WASHINGTON, DC, July 27 -- Senate Republicans Thursday urged their Democratic Party counterparts to begin moving energy reform legislation.
Several House of Representatives committees recently reported energy bills modeled after President George W. Bush's proposals. That legislation is expected to go the floor next week. Senate bills have not advanced beyond the committee stage.
Labor Sec. Elaine Chao met with the Senate Republican Energy Task Force Thursday and urged action soon on a comprehensive energy plan.
Chao said organized labor supports the administration's proposals. She said agriculture and the nation's transportation industry, from trucking to airlines, are feeling the effects of high fuel prices.
"The President's balanced energy plan represents a great opportunity and the promise of thousands of new jobs. It is vital for the nation," she said.
Sen. Frank Murkowski (R-Alas.) said later that the deterioration in the nation's economy is the direct result of high energy costs.
Murkowski noted that DuPont Chemical Corp. has announced up to 5,500 layoffs, plus 1,300 contract workers, because of business reductions caused directly by high energy costs.
Murkowski said, "Affordable, plentiful, reliable energy provides the basis for our security: our national security, our economic security, and our job security. High energy costs are hurting America's workforce. Aluminum plants all over the Northwest are closing their doors to sell their power, instead of producing a product. We are paying people not to work. That is not how this nation became great. Congress has the power to put people back to work."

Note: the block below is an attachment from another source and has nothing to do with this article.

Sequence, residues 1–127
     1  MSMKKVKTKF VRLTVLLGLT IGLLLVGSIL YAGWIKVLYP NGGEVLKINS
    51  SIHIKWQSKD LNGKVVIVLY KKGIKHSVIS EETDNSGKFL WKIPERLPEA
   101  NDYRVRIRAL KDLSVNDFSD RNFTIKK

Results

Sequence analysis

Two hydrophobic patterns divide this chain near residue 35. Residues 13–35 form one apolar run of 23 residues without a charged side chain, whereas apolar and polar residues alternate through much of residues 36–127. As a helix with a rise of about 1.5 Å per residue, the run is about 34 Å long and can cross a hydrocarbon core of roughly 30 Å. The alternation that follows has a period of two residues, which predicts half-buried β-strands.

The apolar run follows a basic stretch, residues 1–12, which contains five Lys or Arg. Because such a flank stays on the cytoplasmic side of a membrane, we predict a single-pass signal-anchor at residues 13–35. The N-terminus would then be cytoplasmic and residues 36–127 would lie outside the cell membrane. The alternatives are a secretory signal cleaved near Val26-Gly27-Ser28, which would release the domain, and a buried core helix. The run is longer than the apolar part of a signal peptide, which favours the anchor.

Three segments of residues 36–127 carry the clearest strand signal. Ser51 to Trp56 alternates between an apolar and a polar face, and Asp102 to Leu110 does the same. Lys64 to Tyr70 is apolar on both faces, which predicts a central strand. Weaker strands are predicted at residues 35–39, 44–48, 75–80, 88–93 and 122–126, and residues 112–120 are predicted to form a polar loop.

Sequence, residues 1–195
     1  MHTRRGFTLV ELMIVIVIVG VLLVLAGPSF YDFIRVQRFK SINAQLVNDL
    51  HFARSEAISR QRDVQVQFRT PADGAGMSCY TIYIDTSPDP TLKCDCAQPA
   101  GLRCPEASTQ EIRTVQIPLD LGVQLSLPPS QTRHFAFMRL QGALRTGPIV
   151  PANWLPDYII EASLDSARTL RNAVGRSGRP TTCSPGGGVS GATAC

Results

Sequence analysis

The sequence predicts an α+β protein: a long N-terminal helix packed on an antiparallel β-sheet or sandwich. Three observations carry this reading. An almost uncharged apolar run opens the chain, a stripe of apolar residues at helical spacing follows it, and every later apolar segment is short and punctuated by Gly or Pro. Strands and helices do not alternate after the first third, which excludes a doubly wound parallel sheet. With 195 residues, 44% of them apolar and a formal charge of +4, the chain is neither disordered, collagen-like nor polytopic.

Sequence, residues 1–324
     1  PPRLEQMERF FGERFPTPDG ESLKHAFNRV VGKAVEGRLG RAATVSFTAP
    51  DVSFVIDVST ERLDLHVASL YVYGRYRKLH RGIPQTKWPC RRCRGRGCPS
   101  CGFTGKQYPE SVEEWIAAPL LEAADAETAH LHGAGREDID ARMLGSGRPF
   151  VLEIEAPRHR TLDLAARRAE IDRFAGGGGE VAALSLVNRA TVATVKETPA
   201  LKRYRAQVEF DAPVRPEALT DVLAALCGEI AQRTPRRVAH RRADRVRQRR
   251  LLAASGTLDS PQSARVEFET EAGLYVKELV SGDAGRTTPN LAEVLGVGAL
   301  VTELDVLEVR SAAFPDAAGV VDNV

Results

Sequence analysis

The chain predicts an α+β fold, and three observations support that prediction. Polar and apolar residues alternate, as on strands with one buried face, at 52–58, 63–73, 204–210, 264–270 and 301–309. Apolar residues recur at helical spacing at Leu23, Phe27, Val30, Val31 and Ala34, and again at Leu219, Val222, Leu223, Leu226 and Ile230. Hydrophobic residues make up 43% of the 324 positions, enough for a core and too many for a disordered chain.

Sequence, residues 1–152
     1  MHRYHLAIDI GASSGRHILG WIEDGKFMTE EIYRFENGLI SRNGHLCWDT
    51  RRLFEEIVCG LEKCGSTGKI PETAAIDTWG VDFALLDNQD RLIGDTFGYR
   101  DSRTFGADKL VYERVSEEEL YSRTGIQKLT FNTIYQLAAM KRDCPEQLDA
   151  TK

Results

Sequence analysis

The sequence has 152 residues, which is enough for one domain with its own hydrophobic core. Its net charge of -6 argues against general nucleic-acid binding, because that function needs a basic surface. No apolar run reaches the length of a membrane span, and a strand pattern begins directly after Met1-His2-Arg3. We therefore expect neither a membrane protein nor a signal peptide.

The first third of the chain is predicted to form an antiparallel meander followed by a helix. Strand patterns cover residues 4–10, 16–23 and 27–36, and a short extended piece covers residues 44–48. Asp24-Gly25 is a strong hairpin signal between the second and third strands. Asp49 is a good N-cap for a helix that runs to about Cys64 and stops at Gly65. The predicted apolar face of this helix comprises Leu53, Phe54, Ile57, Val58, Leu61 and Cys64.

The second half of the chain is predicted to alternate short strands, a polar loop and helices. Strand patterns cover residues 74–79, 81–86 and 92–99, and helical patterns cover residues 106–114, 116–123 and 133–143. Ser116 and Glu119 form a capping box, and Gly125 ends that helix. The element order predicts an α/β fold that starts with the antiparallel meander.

Murkowski said opening the coastal plain of the Arctic National Wildlife Refuge in Alaska for oil and gas development could generate 735,000 jobs nationwide, including 80,000 in California and 50,000 in New York, states being hit by layoffs.
Murkowski and other Republicans, including Sen. Kay Bailey Hutchison (R-Tex.), urged Senate Majority Leader Tom Daschle to bring a comprehensive energy bill to the Senate floor soon.
They said Democrats have agreed to begin to consider energy legislation next week in the Committee on Energy and Natural Resources and to continue the process in September, but they have given no timetable for Senate floor action.
Sen. Chuck Hagel (R-Neb.) said a national energy plan would benefit agricultural states like Nebraska.
He said, "The low energy supplies and rising energy prices are taking a toll on the day-to-day lives of people. Energy drives our economy's production capacity. As the economy slows down, businesses are losing revenue and people are losing jobs.
"Farm states like Nebraska are hit especially hard by our nation's decreased energy supply. When energy costs rise, the effects on farmers are far-reaching. The price of energy impacts everything from the fertilizer farmers use, to natural gas for irrigation pumps, to propane and electricity for drying crops, to diesel for running tractors and combines."